Freud’s Vienna was a city teeming with artistic, cultural and scientific creativity. It was also a centre of antisemitism, which impacted very directly on Freud and eventually resulted in his move to England, in great old age, as a refugee. In the early years of the twentieth century, this combination of creativity and racial intolerance produced the particular nature of the Vienna Psychoanalytic Society – an initially small group that met in Freud’s home to nurse the fledgling psychoanalytic movement into existence. This recording of an online talk by Stephen Frosh for the BRLSI virtual symposium “Vienna, A New Worldview: 1890-1935” looks at some of the characters and characteristics of this group, reading it as a Viennese Jewish family saga. * Stephen Frosh has worked at Birkbeck from 1979, first in the School of Psychology and since 2008 in the Department of Psychosocial Studies, of which he was a founding member and first Head of Department. From 1982 until 2000 he worked part time at Birkbeck and part time as a clinical psychologist in the NHS. Throughout the 1990s he was Consultant Clinical Psychologist and (from 1996) Vice Dean in the Child and Family Department of the Tavistock Clinic, London. His academic interests are in the applications of psychoanalysis to social issues; gender, culture and ‘race’; and psychosocial studies. He was Pro-Vice-Master of Birkbeck from 2003 to 2017, first with responsibility for Learning and Teaching, then for Research and then for Internationalisation.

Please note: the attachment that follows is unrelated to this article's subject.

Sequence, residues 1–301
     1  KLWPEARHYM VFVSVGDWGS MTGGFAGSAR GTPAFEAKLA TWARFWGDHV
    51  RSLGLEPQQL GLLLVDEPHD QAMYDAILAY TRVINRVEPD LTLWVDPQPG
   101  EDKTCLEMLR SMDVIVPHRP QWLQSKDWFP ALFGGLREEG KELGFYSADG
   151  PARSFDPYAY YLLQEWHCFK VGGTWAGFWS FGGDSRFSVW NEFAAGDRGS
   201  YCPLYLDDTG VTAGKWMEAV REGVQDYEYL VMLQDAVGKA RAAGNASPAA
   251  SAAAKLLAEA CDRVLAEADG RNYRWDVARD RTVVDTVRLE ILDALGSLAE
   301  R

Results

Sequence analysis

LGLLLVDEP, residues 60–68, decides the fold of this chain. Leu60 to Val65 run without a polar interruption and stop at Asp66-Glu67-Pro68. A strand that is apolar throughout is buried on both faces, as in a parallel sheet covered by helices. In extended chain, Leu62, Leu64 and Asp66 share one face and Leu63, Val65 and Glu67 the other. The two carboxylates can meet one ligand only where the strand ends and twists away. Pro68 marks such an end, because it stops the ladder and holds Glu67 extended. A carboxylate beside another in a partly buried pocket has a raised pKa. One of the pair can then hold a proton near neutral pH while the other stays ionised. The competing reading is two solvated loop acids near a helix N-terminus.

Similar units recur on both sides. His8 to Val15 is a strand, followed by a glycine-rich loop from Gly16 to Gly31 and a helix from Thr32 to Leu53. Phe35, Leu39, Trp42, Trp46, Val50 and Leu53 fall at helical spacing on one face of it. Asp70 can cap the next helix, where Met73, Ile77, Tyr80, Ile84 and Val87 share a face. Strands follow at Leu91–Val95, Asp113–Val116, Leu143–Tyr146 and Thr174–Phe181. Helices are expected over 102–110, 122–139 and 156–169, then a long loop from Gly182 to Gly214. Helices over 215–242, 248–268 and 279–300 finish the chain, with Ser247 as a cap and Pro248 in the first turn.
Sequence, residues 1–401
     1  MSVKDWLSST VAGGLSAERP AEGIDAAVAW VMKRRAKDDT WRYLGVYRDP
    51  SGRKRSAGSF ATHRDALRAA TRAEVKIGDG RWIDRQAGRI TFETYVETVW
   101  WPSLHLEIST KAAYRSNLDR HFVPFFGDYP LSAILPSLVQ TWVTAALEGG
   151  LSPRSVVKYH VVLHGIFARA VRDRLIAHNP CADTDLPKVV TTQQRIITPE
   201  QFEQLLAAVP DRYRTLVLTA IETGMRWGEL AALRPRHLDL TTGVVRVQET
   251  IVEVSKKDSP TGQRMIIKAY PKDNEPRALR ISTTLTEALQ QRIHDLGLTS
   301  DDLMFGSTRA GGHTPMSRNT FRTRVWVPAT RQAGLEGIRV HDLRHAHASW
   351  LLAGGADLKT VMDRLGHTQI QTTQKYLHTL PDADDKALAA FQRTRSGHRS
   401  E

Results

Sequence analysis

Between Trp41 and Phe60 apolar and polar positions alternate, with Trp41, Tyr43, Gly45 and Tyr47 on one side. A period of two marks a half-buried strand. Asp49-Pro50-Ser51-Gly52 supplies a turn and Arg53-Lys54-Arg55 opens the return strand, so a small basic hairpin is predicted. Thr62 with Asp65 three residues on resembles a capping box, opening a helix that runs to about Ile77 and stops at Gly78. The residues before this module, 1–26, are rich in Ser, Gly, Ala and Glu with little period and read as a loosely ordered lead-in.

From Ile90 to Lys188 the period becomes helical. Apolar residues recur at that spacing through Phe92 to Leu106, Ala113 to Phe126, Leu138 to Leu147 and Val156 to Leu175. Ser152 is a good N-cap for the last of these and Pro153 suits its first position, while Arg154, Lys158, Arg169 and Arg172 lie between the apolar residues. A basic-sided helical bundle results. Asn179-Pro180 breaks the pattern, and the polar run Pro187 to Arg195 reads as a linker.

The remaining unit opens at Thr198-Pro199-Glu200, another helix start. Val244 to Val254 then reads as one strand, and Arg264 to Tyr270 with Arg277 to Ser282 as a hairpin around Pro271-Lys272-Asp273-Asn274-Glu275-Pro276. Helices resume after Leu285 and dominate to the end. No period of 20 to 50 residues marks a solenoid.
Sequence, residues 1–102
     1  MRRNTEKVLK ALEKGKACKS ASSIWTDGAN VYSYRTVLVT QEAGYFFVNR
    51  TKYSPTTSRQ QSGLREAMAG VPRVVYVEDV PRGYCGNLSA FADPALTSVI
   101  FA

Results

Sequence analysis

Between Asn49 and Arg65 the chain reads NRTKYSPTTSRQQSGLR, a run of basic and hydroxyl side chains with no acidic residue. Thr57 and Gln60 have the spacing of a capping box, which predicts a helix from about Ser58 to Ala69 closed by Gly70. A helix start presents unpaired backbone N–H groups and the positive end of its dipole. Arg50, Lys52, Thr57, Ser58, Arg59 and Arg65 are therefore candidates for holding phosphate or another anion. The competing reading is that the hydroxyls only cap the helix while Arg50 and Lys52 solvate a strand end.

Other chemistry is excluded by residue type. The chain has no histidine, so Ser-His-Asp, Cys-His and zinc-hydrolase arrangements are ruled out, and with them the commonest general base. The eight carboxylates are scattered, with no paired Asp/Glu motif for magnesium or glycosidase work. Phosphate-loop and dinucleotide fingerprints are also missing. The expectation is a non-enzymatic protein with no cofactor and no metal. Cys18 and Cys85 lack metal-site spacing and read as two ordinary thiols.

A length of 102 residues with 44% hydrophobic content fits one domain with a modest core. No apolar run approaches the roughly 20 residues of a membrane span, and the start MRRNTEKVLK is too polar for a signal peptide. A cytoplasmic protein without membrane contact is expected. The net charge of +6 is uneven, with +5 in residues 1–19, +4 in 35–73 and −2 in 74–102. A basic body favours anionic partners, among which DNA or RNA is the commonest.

John Gray: Why Cats Don’t Need Philosophy
November 1, 2022